Thursday, May 22, 2014

Dr Ravi Ramamurthy has done it again!

This time, he is talking about the statistics part of the erstwhile article we discussed in the previous post: "Risk stratification at diagnosis for children with hypertrophic cardiomyopathy: an analysis of data from the Pediatric Cardiomyopathy Registry". He explains some of the jargon related to medical statistics for the understanding of those who can just spell the word!

Here we go: 
“There are lies, damned lies and statistics” …..

Mark Twain certainly did not have medical biostatistics when he popularized this phrase.
The contribution of statistics to medical science cannot be said in the same light. The weight of a study is determined by its statistics. So let us just take a breather from just satisfying our intellectual taste buds by tasting only the abstract of an article and proceed to actually looking at the entire cooking process.
I was exposed to statistics when I accompanied my mother to the vegetable market.  The potatoes were “sampled”; by size, freshness, color etc. Then they were screened for “predictive markers” indicating their likely shelf life before they reach their “end point” either cooked or rot. And the inevitable remark that out of the last purchase, what percent of the potatoes went bad (“failed to survive”) within a fortnight (“period of observation”). These observations helped us predict and pick the best potatoes.
 In the article under discussion, “Risk stratification at diagnosis for children with hypertrophic cardiomyopathy: an analysis of data from the Pediatric Cardiomyopathy Registry” the clinical implications and its applicability is quite obvious. So the million dollar question would be “Why do we need statistics to prove it?” The answer is simple. Any data needs to be authenticated before it can be applied in practice or replicated. This authentication process is done by statistics.
In this study, two important statistical analytical methods were employed. Let’s discuss them in brief.

Cox proportional-hazards regression:
How important is it?
 It appears in one in ten papers.
How easy is it to understand?
Aim to understand the end result – the “hazard ratio” (HR).
When is it used?
The Cox regression model is used to investigate the relationship between an event (usually death) and possible explanatory variables, for instance observe table 3 & 4 in the article in detail: “Idiopathic, diagnosed at age less than 1 year; Idiopathic, diagnosed at age more than or equal to 1 year; Malformation syndromes; Inborn errors of metabolism; With restrictive cardiomyopathy; With dilated cardiomyopathy.”
What does it mean?
The Cox regression model provides us with estimates of the effect that different factors have on the time until the end event. As well as considering the significance of the effect of different factors the model can give us an estimate of life expectancy for an individual.
Regression and correlation are easily confused.Correlation measures the strength of the association between variables.Regression quantifies the association. It should only be used if one of the variables is thought to precede or cause the other. Interpreting the Cox model involves examining the coefficients for each explanatory variable. A positive regression coefficient for an explanatory variable means that the hazard is higher and thus the prognosis is worse. Conversely, a negative regression coefficient implies a better prognosis for patients with higher values of that variable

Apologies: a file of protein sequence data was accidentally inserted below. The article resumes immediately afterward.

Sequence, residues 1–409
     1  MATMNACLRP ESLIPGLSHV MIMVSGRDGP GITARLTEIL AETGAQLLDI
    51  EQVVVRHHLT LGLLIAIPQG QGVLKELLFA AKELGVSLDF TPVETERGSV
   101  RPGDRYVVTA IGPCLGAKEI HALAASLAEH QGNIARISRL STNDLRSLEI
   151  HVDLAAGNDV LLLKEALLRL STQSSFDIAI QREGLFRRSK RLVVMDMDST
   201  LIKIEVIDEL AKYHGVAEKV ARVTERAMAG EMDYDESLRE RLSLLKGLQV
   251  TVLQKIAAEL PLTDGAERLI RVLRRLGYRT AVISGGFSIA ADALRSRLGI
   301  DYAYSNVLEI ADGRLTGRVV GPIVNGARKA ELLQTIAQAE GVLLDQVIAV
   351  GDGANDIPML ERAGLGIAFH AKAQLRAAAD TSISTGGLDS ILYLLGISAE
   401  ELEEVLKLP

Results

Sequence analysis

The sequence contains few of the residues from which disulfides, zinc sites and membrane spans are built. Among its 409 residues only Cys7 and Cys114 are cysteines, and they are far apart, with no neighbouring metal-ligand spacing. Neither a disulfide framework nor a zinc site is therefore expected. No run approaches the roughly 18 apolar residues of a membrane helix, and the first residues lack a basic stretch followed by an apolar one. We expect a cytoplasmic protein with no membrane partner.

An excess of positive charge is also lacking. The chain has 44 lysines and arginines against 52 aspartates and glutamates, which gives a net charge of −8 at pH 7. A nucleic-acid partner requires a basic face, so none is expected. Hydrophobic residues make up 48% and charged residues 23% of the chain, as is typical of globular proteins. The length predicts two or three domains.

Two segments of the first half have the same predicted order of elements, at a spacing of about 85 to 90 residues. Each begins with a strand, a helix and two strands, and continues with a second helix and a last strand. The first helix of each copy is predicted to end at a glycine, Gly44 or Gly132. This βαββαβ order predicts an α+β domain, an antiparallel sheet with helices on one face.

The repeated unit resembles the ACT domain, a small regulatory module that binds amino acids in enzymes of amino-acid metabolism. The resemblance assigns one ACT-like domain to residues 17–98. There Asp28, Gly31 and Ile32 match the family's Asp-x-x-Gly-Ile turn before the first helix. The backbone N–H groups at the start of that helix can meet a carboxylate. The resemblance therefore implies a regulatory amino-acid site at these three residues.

The “HR” is the ratio of the hazard (chance of something harmful happening) of an event in one group of observations divided by the hazard of an event in another group. A HR of 1 means the risk is1 × that of the second group, i.e. the same. A HR of2 implies twice the risk.
Kaplan–Meier estimate of the survivor function
To determine the Kaplan–Meier estimate of the survivor function for the above example, a series of time intervals is formed. Each of these intervals is constructed to be such that one observed death is contained in the interval, and the time of this death is taken to occur at the start of the interval. A plot of the Kaplan–Meier estimate of the survivor function (Figure 1) is a step function, in which the estimated survival probabilities are constant between adjacent death times and only decrease at each death. Figure 1 of the said article depicts a step wise graph of the surviving subjects in the study upto five years where the number of surviving subjects can be seen on the Y axis of the graph.

I have tried to simplify these statistical tests, probably a bit too simplified. The intricacies regarding a test lie in deciding where and when to use a certain test. This narration cannot dwell in these details. Secondly the calculations are quite enormous and confusing. But thankfully suitable software are available to carry out these tests. It is imperative for a researcher to be conversant with the various statistical software packages available before embarking on a study. A few examples are Epi 6, SSPS, SAS etc. A researcher should have his statistical test decided before embarking on a study, therefore it is prudent to discuss with a biostatistician beforehand.

So much for now. 

That is Dr Ravi Ramamurthy for you! If you have any doubts or applause, please email  them to or write a comment in the comments box below. It will be honored!                                               


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